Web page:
Farmington • Shot in the eye by a deputy after leading northern Utah police on a high-speed chase last November, Kristine Nicole Biggs has suffered more than the average person charged with similar crimes.
She was hospitalized for six days after being shot — the bullet blinded her left eye — and she sat in the Davis County jail for 42 days.
She will likely face $30,000 to $50,000 in medical expenses in an ongoing effort to treat the eye injury.
And, in the end, the Morgan County deputy who shot the Colorado woman was ruled not justified in using deadly force against her.
For all of these reasons, defense attorney Michael Edwards asked 2nd District Judge Michael Allphin on Monday to not sentence the woman to further jail time after she pleaded guilty to failure to respond to an officer’s signal and driving under the influence.
Allphin, who called Biggs’ injury "a large price to pay" for the crime, ultimately sentenced the 41-year-old Colorado woman to three years of supervised probation. She could have been sentenced to up to five years in prison.
Biggs was originally charged in Farmington’s 2nd District Court with third-degree felony counts of aggravated assault and failure to respond to an officer’s signal to stop, along with misdemeanor counts ranging from driving under the influence to driving on a suspended or revoked license and driving with an open alcoholic container.
As part of a plea deal, five of the charges were dismissed.
Deputy Davis County Attorney Rick Westmoreland also asked the judge for no jail time, reasoning that while Biggs was "given the benefit of the unjustified shooting," he also did not want to burden taxpayers with paying her hefty medical bills by keeping her incarcerated.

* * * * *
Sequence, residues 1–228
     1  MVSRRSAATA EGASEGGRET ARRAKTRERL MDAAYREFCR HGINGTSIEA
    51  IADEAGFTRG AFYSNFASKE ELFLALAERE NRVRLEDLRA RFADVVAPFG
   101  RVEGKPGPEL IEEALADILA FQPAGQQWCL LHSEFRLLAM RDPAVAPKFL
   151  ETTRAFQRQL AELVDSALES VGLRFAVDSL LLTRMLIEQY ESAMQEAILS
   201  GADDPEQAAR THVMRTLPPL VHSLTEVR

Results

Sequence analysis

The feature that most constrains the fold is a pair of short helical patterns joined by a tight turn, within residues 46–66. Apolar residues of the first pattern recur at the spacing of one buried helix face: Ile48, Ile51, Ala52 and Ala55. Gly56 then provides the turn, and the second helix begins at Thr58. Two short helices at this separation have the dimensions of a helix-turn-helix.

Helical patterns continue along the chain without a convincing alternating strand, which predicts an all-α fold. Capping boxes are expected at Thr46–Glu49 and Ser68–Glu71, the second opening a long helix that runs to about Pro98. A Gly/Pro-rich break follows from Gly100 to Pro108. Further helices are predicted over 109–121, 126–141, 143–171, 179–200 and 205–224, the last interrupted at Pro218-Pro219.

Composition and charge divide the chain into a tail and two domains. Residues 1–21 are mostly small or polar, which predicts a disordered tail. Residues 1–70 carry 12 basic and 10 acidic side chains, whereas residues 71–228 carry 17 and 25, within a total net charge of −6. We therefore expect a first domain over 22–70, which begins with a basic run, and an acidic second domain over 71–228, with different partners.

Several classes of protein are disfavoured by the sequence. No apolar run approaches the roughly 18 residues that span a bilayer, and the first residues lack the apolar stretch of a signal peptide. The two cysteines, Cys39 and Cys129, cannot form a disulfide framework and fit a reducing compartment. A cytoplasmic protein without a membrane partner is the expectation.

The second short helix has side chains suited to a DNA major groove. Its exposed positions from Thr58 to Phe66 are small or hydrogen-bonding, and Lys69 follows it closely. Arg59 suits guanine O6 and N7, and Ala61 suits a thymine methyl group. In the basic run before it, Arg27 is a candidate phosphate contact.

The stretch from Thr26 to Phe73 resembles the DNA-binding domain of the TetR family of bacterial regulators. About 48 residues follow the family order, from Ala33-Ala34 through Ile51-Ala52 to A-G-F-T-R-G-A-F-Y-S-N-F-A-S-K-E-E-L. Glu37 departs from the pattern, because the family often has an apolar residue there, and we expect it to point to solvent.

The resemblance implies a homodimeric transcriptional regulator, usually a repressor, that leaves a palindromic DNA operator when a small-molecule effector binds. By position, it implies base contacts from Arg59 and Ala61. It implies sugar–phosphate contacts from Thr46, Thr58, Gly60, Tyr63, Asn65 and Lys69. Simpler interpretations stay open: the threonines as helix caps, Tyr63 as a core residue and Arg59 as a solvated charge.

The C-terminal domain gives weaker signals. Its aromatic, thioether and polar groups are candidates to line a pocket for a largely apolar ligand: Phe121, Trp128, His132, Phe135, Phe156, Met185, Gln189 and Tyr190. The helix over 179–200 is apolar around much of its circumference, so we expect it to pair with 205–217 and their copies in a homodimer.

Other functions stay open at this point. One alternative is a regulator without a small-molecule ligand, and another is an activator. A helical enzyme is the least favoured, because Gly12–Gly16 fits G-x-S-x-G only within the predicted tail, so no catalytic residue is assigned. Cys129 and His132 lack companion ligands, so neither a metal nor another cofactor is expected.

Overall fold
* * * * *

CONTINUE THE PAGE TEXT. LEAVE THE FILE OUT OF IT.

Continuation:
"We have to balance justice ... versus public interest," Westmoreland said.
Edwards said Biggs has no recollection of the events of Nov. 24, when a Morgan County deputy attempted to pull over the woman’s pickup truck for a broken headlight. Instead, Biggs sped away, beginning a 40-mile pursuit that ended in Davis County, police have said.
Despite three of the pickup’s tires being blown by a spike strips, Biggs made a U-turn and allegedly drove at two pursuing Morgan County deputies.
The pickup sideswiped the first cruiser and hit the second nearly head-on. The deputy from the first unit, meanwhile, had jumped out of his vehicle.
Davis County sheriff’s Capt. Kenneth Payne, whose office investigated the officer-involved shooting, has said the deputy repeatedly ordered Biggs to turn off the engine and get out of the pickup, but she allegedly kept ramming the second cruiser.
It was then that Morgan County Sheriff’s Sgt. Daniel Scott Peay shot Biggs through her windshield.
After a subsequent review of the shooting, Davis County Attorney Troy Rawlings issued a statement last month saying that Peay was not "squarely justified" in shooting Biggs.
But Rawlings added that no criminal charges would be filed against Peay.
"A unanimous jury would not convict Sergeant Peay of a crime when presented with all of the evidence," Rawlings wrote in his assessment of the officer’s actions.
Neither of the Morgan officers was injured.
Biggs briefly spoke in court Monday, pleading with Allphin to allow unsupervised probation so she could continue alcohol treatment in California with her family.
"Your honor, I am determined to pay for what I did," she said. "I also ask that you allow me to do my recovery in California."Next Page >
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